There are two varieties of Kyoto-based rice suitable for making sake: Iwai (sake specific rice) and Kyo-no-kagayaki (sake rice［1］)
Kyoto Prefectural Agriculture, Forestry and Fisheries Technology Center’s Agriculture Experiment Center started cultivating rice in 1915. They used the “pure line selection method” to selectively propagate potential rice varieties of both Kyoto and non-Kyoto rice. In 1929, the Center started examining the Nojoho variety of rice. After four years, Iwai was “born” and was listed as “recommended variety” in Kyoto.
Despite Iwai’s high suitability for sake production, it has faced several twists and turns in terms of being listed as “recommended variety”. The production area had increased to 646 hectares by 1936 but the World War II food shortages meant a reprioritization of eating rice and the crop acreage dropped dramatically. In 1946, Iwai was dropped from the recommended variety list and Kyoto prefecture lost any obligation to supply Iwai seed to farmers. Delisting didn’t completely eradicate the crop, but it was apparent that the variety deteriorated.
Since Iwai was delisted as a recommended rice in 1946, calls have been growing louder for its revival because of higher sake production suitability than other recommended varieties. And, of course, food shortages are no longer a concern. In 1955 it was relisted and in 1962, the crop acreage reached 396 hectares. However, it faced delisting again in 1973 because its height was unsuitable for the harvest machines most common at the time. In addition, it loses the grains too easily even prior to threshing, so popularity declined and it was delisted again in 1973.
Almost twenty years later, the desire to produce Kyoto-origin sake emerged among sake breweries, and the second revival of Iwai was completed in 1992. However, Kyoto Prefectural Agricultural Research Institute no longer held the rice seed so these were provided by Kyoto Prefectural University. At the same time as this revival project, research commenced to reduce the plant height from up to 1.2m (compared with the 70-90cm of the most famous food rice, koshihikari) and achieve heavier senryujyu for better yield. Since 1999, one particular strain has been selected from 18,200 potential candidates as the ideal variety of Iwai. It has a lower height of 1-1.1m and heavier senryujyu than the original.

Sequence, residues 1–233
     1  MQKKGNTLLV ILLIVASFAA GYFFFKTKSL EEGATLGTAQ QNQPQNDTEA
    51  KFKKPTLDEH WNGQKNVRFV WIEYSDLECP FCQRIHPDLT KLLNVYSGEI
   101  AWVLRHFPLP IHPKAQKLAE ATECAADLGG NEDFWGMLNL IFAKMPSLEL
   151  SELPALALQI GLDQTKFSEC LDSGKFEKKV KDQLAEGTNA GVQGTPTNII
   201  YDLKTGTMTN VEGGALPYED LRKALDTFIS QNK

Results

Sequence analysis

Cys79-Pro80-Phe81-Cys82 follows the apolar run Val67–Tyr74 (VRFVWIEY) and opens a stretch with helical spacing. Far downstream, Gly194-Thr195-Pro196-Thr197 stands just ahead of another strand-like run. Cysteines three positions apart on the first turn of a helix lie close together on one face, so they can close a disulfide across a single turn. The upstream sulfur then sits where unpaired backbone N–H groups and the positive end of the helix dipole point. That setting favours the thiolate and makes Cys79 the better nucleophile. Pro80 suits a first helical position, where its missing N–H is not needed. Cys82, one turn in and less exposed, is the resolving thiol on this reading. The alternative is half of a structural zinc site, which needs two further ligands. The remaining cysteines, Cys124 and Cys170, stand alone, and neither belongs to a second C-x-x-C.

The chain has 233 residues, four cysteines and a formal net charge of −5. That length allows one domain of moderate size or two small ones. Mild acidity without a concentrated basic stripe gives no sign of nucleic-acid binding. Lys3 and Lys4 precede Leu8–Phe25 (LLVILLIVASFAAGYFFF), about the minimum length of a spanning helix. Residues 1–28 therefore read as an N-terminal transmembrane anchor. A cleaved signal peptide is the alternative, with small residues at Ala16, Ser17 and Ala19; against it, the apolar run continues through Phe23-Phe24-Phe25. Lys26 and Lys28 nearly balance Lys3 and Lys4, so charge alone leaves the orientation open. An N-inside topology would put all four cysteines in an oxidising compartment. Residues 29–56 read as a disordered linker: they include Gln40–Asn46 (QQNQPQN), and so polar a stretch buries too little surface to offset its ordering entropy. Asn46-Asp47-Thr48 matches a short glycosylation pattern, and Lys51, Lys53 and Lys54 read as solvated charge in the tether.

The perfected Iwai has a similar sake production suitability as the “king “of sake specific rice, Yamadanishiki, however, it still poses difficulties as a sake specific rice, such as the lower yield of 34kg per acre (compared with food rice Koshihikari’s 50kg per acre) and higher water absorption (higher than Yamadanishiki), requiring more careful production.
The Research Department at Kyoto Municipal Institute of Industrial Technology and Culture (KMIITC) has become a center of the project to identify the relationship between rice and sake production methods, with a view to (for example) identifying a scientific link between sake aroma and the rice-growing method. We strongly believe that the re-revived Iwai will play an important role in enhancing the potential of Kyoto sake.
［1］“Sake rice” is a general term for rice which is suitable for sake production. However, the more detailed “sake specific rice” (included in “sake rice”) requires registration in the local prefecture where it is developed, grown, and used.Sake rice can then be listed as a “recommended variety” locally and local prefectures must supply the rice seed to farmers.